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Protest and survive
Mobius stages a dissenting view on the post–September 11 world

The Phoenix calls Milan Kohout at home, but he’s not interested — and makes as if he were about to hang up. No, wait! We want to talk about "Descent/Dissent," the multimedia performance art event he’ll be staging with long-time collaborator Mari Novotny-Jones at the Charlestown Working Theater starting next Thursday! "Oh!" says Kohout, laughing, in a heavy Czech accent. "I thought you were capee-talist edvertiser! You are lucky I no scream, ‘Fuck You!’ "

Lucky also that Kohout was happy to elucidate the political subtexts of the abstract, semi-improvisational piece he and Novotny-Jones started working on soon after September 11. It’s "a reaction to what happened to world politics," he says, and an attempt "to understand the bigger picture, including something which is not so pleasant to be heard: how much we Americans participate, how much hypocrisy is involved, how we’re trying to cover our own eyes and fill our own ears, trying to justify a one-dimensional suffering while not seeing the other side of the picture."

Novotny-Jones explains that the "Descent" of the title refers to the falling of skyscrapers, the plummeting respect for America in the eyes of the world, and the disintegration of our civil liberties. But she says the piece’s stew of vignettes also alludes to the war of cultures that’s currently playing out on the world stage — a drama she and Kohout will enact through poems about terrorism, nightmarish music, crazed "proletariat step dancing," and the two artists positing themselves as archetypes (male and female, Eastern Europe and America) while heaping symbolic abuse on each other like a "postmodern Punch and Judy show." She likens it to "a descent into a medieval hellmouth," with a challenge attached: "As we descend, where is the dissent?"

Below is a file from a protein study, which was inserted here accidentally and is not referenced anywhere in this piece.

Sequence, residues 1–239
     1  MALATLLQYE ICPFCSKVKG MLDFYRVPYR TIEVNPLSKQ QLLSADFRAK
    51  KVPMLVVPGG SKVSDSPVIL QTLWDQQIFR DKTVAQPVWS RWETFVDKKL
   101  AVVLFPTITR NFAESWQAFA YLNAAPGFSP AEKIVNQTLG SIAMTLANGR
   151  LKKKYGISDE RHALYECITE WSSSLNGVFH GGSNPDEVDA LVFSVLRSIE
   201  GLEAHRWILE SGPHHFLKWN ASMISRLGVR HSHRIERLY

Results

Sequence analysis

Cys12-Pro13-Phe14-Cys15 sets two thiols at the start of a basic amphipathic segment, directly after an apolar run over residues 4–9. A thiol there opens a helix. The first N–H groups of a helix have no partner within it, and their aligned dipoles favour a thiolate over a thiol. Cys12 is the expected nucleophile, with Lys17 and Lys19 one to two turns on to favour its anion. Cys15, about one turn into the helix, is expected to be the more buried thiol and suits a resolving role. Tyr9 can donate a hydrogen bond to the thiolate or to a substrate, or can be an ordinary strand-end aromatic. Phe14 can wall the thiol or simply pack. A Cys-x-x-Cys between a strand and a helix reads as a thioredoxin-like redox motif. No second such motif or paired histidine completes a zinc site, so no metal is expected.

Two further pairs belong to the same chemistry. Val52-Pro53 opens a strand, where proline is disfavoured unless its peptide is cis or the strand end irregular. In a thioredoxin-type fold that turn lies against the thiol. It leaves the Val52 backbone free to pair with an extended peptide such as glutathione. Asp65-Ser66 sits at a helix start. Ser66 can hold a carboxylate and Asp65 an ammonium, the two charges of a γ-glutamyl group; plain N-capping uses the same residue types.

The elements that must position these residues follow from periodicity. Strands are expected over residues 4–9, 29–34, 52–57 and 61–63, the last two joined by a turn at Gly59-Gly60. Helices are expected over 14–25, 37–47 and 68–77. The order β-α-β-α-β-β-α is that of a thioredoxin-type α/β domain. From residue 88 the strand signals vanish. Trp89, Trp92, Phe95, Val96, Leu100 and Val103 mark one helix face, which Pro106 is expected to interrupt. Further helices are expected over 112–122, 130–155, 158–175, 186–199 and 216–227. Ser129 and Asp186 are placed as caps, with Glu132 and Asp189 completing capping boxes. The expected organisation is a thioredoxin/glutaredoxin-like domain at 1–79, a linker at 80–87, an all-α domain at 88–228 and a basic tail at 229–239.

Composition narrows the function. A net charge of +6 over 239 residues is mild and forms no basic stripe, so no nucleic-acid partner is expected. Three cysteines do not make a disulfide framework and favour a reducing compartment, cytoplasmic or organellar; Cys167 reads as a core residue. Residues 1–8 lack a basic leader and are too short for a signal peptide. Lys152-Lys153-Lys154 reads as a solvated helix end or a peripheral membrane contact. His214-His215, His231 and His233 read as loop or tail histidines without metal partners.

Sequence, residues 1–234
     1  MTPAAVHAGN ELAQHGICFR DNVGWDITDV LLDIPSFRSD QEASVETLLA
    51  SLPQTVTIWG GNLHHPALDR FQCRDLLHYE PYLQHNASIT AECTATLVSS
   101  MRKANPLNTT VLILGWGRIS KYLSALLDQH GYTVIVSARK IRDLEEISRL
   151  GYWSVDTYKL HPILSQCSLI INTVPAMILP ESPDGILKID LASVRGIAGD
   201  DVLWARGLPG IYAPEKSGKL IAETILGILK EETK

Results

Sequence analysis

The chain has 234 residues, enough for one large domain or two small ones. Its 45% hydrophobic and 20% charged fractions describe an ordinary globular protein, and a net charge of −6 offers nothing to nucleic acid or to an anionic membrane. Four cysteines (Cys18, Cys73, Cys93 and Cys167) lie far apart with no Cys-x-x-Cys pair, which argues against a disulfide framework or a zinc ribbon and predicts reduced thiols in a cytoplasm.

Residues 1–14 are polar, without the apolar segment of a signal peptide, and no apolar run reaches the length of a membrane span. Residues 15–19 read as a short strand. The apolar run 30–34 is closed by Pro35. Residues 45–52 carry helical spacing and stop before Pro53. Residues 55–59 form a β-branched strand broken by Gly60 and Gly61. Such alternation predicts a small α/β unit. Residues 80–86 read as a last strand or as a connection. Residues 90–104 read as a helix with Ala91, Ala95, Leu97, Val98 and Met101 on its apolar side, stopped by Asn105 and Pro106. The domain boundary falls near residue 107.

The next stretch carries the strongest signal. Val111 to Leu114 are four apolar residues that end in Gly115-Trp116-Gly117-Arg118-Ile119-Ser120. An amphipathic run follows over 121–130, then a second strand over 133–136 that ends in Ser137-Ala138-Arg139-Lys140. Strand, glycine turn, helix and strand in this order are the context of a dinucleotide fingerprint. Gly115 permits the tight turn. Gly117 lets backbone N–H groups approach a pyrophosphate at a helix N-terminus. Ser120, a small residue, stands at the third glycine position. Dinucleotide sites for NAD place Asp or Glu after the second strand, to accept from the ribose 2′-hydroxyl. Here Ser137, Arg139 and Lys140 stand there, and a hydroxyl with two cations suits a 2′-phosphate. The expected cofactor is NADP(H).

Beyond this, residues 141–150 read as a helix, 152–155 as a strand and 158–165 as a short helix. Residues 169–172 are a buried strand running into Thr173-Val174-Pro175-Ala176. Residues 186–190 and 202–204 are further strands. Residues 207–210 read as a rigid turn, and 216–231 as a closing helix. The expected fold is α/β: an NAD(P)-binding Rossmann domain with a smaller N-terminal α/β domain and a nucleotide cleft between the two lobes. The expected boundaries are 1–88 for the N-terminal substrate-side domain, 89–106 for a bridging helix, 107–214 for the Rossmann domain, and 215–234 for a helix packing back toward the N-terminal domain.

Both artists know from experience the power art can have when it becomes political. Kohout was in Czechoslovakia in the ’60s, and he saw the modest liberal reforms of the Prague Spring crushed by Soviet tanks. He was integral in the dissident intellectual movement Charter 77, and though his involvement in underground art got him expelled from the country in 1986 (he came to Boston in ’88), his agitation had helped lay the groundwork for the "Velvet Revolution" three years later that saw playwright Václav Havel become president. For her part, Novotny-Jones was heavily involved in the American anti-war movement in the ’60s. "I think about my students [at the School of the Museum of Fine Arts]. Back then, I thought I was starting a legacy of peace, other ways of looking at things, cooperativeness. What kind of world are they left with? What’s the legacy here?"

This spring Kohout will also be teaching a course at Massachusetts College of Art called "Politically Engaged Performance Art: The Czech Model." "We understood art as being ultimately politically charged," he says of his compatriots. "I would say that whenever the social order starts to pursue its own survival by compromising on basic human rights, like freedom of expression and civil liberties, it always leads to a sort of self-destruction of the whole system."

It happened in Prague, and Kohout thinks it’s happening here: quashing of dissent, enforcement of conformity. "When you are trying to suppress the opinion of your own people, sooner or later you will have helped to organize an opposition movement that will be more and more sophisticated, more and more organized." There is, he continues, a "self-preservation instinct of in all society. Like in physics. Push on something, that object will create resistance. . . . Art is one of the most important indicators if something goes wrong within a society. That function should be preserved and should be fought for."

"Descent/Dissent" will be presented January 29 through 31 and February 5 through 7 at 8 p.m. at the Charlestown Working Theater, 442 Bunker Hill Street in Charlestown. Tickets are $15 ($10 students, seniors, and friends of Mobius); call (617) 542-7416.

Issue Date: January 23 - 29, 2004
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